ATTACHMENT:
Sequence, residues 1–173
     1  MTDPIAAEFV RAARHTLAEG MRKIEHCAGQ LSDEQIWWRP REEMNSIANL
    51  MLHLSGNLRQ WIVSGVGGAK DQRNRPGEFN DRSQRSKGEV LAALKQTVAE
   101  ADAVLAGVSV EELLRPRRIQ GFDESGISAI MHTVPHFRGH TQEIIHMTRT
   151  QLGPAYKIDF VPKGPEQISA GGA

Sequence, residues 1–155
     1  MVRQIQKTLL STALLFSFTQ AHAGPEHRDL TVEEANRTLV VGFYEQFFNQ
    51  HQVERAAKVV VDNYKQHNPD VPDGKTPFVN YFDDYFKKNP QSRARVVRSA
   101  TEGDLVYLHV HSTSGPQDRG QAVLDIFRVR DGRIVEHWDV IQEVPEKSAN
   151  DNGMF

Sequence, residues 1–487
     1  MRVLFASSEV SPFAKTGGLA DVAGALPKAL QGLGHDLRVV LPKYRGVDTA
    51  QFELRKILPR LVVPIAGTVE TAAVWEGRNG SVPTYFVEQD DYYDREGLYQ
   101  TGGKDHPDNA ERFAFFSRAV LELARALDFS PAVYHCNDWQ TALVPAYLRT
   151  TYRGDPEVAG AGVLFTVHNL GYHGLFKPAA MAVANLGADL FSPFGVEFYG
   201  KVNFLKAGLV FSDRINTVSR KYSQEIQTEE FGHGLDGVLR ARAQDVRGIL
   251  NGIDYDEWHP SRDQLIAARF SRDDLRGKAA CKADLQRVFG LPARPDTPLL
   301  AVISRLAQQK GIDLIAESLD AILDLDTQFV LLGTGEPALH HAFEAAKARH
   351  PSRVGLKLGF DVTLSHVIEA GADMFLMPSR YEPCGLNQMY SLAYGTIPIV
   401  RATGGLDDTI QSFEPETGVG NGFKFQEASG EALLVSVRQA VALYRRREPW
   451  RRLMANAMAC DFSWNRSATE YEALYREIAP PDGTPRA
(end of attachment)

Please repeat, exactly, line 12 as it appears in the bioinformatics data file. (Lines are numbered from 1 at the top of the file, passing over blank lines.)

     1  MRVLFASSEV SPFAKTGGLA DVAGALPKAL QGLGHDLRVV LPKYRGVDTA